Thursday, November 21st, 2013

Dr. Rick Brinkman and his grad assistant Neelix, explain why when people do communication training together, they reinforce each other into positive behaviors and the results are exponential. They also talk about the December training opportunity.  (1 min)

Leadership and What Behaviors are Most Difficult

Monday, August 19th, 2013

I performed a webinar out of my own green screen studio for The Executive Roundtable recently. It was about the following.

Dealing with difficult people is something that everyone does on a regular basis. Leaders, in particular, may find themselves trying to manage and motivate people that they find challenging. But what makes some people more challenging than others? People often ask me what type of behavior is the most difficult to deal with. The answer isn’t that straightforward.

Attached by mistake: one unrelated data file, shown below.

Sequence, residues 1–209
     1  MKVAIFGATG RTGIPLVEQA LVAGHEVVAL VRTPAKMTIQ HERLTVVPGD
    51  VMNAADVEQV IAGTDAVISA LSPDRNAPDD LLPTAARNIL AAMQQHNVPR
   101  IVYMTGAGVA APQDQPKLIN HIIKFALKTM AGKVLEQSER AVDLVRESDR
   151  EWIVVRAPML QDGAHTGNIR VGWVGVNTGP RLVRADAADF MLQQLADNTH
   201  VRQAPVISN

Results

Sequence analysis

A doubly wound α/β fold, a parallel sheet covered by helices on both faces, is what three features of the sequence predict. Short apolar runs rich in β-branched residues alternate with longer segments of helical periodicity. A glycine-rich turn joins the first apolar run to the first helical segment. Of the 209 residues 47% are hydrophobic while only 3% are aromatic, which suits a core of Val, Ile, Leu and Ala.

From my experience, here’s a list of the 10 most unwanted communicators:

The Tank

        : confrontational, pointed, and angry; the ultimate in pushy and aggressive behavior.

The Sniper

        : rude comments, biting sarcasm, rolling of the eyes.

The Grenade

        : brief calm followed by unfocused ranting and raving.

The Know-It-All

        : low tolerance for correction and contradiction.

The Think-They-Know-It-All

        : able to fool enough people that they are right.

The Yes person

        : eager to commit without thinking things through, which leads to resentment.

The Maybe person

        : procrastinates in the hope that a better choice will present itself.

The Nothing person

        : no verbal feedback, no nonverbal feedback. Nothing.

The No person

        : fights a never ending battle for futility; defeating ideas with a single syllable.

The Whiner

      : perfection is their standard, and no one and nothing measures up to it.

When people ask who the most difficult person is, I know that they’re secretly hoping I’ll tell them that the most problematic behavior is, in fact, the one exhibited by their #1 “problem” person. After all, it would validate that they are dealing with a jerk … and that they are not responsible for the problem.